The Copycat Givers

This was also published at earlier this year.


When a child begins elementary school in Japan, it is customary for him or her to receive an "Ransel" - a standard sized backpack satchel which will be a status symbol for the six years of elementary school. Having just bought one for my own son, I can understand its value, measured in the breadth of the smile on his face when he tried it on for the first time.


Usually this is a present from grandparents or parents, and receiving it is considered one of the first rites of passage of their young life. But for those children unfortunate enough to live in an orphanage or a foster center, there is no one to buy them a Ransel, so they can only hope for a donation or a hand-me-down. But that all changed last month, on Christmas morning, when an anonymous donor left half a dozen Ransel backpacks at a foster home in Maebashi, Japan. The donor used a psuedonym from a character in a "manga" or comic series, Date Naoto, the supposed real name of a professional wrestler whose stage name is "Tiger Mask" - a well known hero among children for the last four decades.


Now that of itself is a wonderful, heartwarming story, but the great thing about it is that it is only the beginning. In the days and weeks that followed, a series of copycat incidents has occured. When I decided to write this story, the mysterious "Naoto Date" had appeared at six locations, donating a various number of backpacks, and toys in some cases, (in which case the benefactor apologised for not being able to provide backpacks!) That number has now risen above three hundred nationwide, as others borrow the "Naoto Date" alias, and it's spirit of charity, to make donations.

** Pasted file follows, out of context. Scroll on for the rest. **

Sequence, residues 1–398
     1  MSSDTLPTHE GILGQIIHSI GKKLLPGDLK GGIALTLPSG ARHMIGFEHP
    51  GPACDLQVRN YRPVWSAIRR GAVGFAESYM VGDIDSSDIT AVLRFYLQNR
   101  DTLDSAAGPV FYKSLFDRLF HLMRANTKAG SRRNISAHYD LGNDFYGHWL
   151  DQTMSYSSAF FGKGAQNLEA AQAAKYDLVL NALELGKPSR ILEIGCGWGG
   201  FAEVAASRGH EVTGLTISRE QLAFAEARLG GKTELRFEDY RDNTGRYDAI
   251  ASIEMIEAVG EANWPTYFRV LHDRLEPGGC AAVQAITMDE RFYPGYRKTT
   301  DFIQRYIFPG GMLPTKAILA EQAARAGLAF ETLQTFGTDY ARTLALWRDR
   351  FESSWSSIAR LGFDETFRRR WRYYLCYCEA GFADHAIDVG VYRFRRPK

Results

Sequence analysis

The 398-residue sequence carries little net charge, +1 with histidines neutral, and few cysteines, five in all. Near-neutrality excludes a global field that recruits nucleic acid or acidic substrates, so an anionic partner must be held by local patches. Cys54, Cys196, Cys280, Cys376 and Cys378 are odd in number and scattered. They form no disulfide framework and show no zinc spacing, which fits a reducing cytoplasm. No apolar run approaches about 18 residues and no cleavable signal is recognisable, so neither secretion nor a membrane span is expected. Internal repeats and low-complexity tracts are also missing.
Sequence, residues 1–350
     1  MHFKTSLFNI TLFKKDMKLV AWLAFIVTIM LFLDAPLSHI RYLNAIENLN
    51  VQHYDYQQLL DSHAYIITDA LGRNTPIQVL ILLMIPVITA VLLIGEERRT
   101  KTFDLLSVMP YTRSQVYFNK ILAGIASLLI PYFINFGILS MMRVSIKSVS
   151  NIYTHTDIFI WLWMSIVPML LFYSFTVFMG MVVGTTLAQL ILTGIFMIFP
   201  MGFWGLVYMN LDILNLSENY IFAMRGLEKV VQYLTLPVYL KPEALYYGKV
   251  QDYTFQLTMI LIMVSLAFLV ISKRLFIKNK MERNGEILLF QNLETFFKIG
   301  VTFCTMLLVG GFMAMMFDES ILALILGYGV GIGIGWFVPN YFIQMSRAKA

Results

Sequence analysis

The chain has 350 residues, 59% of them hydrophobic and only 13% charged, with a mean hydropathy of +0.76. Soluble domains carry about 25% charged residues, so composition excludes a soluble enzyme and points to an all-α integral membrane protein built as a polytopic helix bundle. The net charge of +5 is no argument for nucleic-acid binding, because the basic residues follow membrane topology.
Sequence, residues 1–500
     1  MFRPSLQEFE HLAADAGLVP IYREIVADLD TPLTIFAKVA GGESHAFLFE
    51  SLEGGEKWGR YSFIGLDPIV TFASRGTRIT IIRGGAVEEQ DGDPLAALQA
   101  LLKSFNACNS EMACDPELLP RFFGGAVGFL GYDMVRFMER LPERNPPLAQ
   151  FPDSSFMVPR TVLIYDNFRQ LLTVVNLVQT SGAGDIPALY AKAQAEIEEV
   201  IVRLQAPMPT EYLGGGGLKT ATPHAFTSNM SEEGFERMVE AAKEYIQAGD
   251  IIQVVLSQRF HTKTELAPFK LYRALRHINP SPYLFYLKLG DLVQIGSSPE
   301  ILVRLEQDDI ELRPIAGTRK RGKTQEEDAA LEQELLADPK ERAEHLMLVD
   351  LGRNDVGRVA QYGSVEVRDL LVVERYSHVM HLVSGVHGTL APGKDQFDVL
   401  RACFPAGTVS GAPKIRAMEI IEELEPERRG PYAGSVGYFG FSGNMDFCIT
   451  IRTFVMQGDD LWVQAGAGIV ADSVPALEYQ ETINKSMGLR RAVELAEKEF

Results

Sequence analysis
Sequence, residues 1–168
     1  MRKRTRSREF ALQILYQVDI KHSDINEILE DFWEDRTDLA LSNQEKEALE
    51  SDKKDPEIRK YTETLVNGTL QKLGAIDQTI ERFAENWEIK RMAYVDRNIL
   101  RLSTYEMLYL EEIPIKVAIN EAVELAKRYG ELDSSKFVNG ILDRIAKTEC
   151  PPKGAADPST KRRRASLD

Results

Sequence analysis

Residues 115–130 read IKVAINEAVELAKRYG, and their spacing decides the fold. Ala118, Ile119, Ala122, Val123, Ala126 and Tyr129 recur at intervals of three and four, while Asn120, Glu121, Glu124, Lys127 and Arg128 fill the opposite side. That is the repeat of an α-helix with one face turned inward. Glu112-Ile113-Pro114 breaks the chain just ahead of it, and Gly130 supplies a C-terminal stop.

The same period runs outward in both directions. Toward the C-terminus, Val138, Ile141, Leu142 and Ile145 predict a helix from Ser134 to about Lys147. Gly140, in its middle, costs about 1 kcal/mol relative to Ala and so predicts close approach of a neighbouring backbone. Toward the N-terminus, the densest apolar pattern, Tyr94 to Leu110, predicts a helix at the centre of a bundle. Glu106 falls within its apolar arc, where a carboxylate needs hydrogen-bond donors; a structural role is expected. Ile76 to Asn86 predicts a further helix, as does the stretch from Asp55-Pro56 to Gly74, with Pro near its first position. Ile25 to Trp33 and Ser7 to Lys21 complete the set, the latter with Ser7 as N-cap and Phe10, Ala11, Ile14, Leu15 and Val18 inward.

In the past I have written for Heroic Stories about another anonymous donor, who gave a gift of a more substantial nature (see "The Ticket"), but in this case I think the gift is more valuable, because it was small enough to inspire imitation. How far that wave of goodwill will continue to spread across this country remains to be seen, but in the last few days I have come to watch the evening news with a sense of anticipation; anticipation of something good, for a change.


Next spring,as I watch my own son take those momentous first steps into his elementary school classroom, some of the tears that well up in my eyes will probably be for the other children who join him on that great adventure, bursting with pride that they too have a brand new backpack that they did not expect to have, that they do not stand out from the crowd with an old, ragged hand-me-down. And as I congratulate my son's grandparents on another wonderful milestone in their autumn years, I will probably think of the anonymous "volunteer" grandparents watching from afar, as a child they do not even know walks with a beaming smile into a classroom, ready to take on the world. 


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